Synthetic biology, from its early stages of development, has had an explicit focus on biosafety and biosecurity concerns. These concerns are being identified and addressed in different ways, including strategies that ‘take care of’ them by getting them off the mind, and approaches that attend to and ‘care for’ concerns in more open-ended ways. In this chapter, we look at the shaping of concerns and non-concerns relating to biosafety and… Read More »Book chapter on ‘Taking Care’ in synthetic biology
Started in 2016, Tufts University’s Program on Science, Technology, and Society offers an undergraduate Co-Major in STS an a Minor in STS. I am an Assistant Research Professor there.
This edited volume explores the concept of vulnerability as a useful analytic lens for studying big issues in technological cultures, providing a more compassionate and encompassing framing of issues than traditional risk analyses. â€œBook Review: Vulnerability in Technological Cultures: New Directions in Research and Governance. Edited by Anique Hommels, Jessica Mesman and Wiebe E. Bijker.â€Â Science and Public Policy. 17 February 2015.
In this brief Perspective in the Journal of Responsible Innovation, I discuss the different conceptions of security that are being debated over within the biology, and specifically the synthetic biology, community. I argue that understanding who is constructing security concerns, and how, should be an active area of research, as should be how to govern innovation now when potentially catastrophic outcomes might result from choosing one pathway over another. If… Read More »What’s the Matter with Biosecurity?
The Science and Democracy Network (SDN) was established in 2002 to enhance the quality and significance of scholarship in science and technology studies (STS) by training young professionals and by forging links between STS and related fields of study and practice. The SDN sponsors an annual meeting whose primary goal is to strengthen and deepen STS scholarship on science and democracy, and to provide training opportunities for young STS scholars… Read More »Science and Democracy Network
The Society for the Social Studies of Science (4S) is the leading academic society for Science and Technology Studies (STS). As an active member, I attend their annual meeting, where I often host sessions about building a community within STS around science, technology, and security issues research. This is a primary venue for sharing my current work, and learning about activity in the discipline.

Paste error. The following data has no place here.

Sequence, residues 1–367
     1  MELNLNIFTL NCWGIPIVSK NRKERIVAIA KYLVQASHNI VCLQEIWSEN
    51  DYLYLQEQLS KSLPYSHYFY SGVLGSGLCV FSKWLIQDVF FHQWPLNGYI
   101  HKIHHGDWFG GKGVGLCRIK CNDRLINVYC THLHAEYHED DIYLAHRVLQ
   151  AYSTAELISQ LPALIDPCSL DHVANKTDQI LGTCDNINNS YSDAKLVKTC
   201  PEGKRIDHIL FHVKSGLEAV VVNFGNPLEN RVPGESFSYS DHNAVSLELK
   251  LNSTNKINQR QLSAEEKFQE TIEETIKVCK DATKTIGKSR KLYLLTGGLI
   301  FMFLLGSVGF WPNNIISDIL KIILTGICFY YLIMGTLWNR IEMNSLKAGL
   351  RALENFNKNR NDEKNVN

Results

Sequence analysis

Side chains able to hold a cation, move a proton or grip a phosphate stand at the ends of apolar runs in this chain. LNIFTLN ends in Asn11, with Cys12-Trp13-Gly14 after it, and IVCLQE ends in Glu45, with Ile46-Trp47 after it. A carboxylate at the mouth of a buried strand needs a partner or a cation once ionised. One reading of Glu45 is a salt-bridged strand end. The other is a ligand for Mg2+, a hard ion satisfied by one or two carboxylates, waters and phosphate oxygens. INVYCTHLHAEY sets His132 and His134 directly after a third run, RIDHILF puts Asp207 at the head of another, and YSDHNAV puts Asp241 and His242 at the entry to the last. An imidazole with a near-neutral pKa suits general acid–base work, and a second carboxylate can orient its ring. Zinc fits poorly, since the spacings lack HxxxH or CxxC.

I am a Research Affiliate of the Program on Emerging Technology at MIT. This program, run by Ken Oye, focuses on governance questions around emerging technology, with a strong current interest in synthetic biology. While there, I am conducting research both with and on the Program: assessing how the synthetic biology community constructs and governs security concerns, and the role of this program in that process.
When should a society be concerned about the security aspects of its innovation pathways, and when should it not be concerned? This long-term project explores this question over several technical areas (such as computing, synthetic biology, and cryptography) and in a variety of governance settings, including labs, student competitions, funding bodies, and national and international government bodies. There is no easy answer to the question of when something is a… Read More »Is this a threat?
A continual question amongst the Science and Technology Studies (STS) community (as well as in anthropology and related disciplines) is how to manage relationships with the subjects of our studies. Those of us conducting research on contemporary topics often need to reflect on our roles in shaping the work that we are then studying, and how to navigate the need for analytic distance and the need for close proximity to… Read More »Modes of engagement for STS scholars
Synthetic biology, the purposeful engineering of organisms, may or may not pose security concerns to people, states, and the environment. Whether it does, and what is done about it, are the subject of this area of work. I use a mix of participant observation, ethnography, textual and discourse analysis, and interviews to understand and engage with the synthetic biology community (including government, synthetic biologists, industry, other social scientists, and NGOs).… Read More »Security concerns in synthetic biology